Subject: The Australian: Defence Beefs Up Ties With Jakarta

The Australian

Friday, March 28, 2008

Defence beefs up ties with Jakarta

Patrick Walters, National security editor

AUSTRALIA is set to strengthen defence ties with Indonesia, expanding combined exercises, training and educational links.

The upswing in defence relations comes in the wake of the recent ratification of the Lombok Treaty on defence co-operation, which provides a surer foundation for closer defence ties.

Bilateral defence relations have been subject to sharp changes over the past decade. In the wake of the Australian-led intervention in East Timor in 1999, Indonesia tore up a defence pact negotiated by former prime minister Paul Keating and defence ties were all but severed for several years.

Nearly a decade later, both sides are committed to working more closely on common security issues including terrorism, piracy and disaster relief.

Visits by defence chiefs have become routine and Australia and Indonesia conduct an annual strategic dialogue involving defence and intelligence officials.

Both sides are proceeding cautiously on expanding the range of military-to-military exercises, which are chiefly focused on maritime security, peacekeeping and disaster management.

Indonesia's Defence Minister, Juwono Sudarsono, said yesterday he would like to see more training of young officers from Indonesia's defence force in Australia in management and IT in addition to traditional staff college courses. Last year, 110 Indonesian officers trained in Australia.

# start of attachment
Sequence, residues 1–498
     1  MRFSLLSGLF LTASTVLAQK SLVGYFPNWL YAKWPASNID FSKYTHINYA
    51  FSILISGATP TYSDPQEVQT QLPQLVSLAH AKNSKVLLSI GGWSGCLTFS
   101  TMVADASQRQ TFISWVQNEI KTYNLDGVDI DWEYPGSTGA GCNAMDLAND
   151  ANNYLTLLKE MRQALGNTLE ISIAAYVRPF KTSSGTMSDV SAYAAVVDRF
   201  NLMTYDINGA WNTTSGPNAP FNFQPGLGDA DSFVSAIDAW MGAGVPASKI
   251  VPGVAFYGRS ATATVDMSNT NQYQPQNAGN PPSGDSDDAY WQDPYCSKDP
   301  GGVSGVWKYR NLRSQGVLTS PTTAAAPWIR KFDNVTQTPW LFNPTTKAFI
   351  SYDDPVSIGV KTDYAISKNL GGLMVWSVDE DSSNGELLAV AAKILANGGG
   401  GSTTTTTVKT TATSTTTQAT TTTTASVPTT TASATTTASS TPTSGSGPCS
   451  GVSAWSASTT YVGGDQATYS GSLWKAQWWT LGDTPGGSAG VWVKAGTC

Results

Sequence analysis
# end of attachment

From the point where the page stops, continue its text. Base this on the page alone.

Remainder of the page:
Dr Sudarsono poured cold water on any suggestion that Indonesia was engaged in any kind of arms build-up, describing the defence budget as a ``shoestring budget without a shoe''.

Dr Sudarsono told a seminar at the Australian National University that Indonesia's $US3.5billion ($3.81 billion) defence budget was smaller than than of tiny Singapore which had emerged as ASEAN's military superpower.

The key security challenge for Indonesia was economic rather than military, as 36 million people, or about 15 per cent of the population, lived below the poverty line.

Dr Sudarsono stressed that poverty alleviation and employment generation were fundamental to Indonesia's long-term security.

Defence Minister Joel Fitzgibbon said yesterday his meeting with Dr Sudarsono had provided a timely opportunity to advance defence ties following the ratification of the Lombok Treaty.

Mr Fitzgibbon said the two sides would work on a series of joint understandings to identify areas for closer co-operation, including joint defence science and technology projects.

``The joint understandings will outline our mutual priorities for future defence engagement, including military training and post-graduate education, combined exercises and maritime surveillance and patrol,'' he said.


Joyo Indonesia News Service

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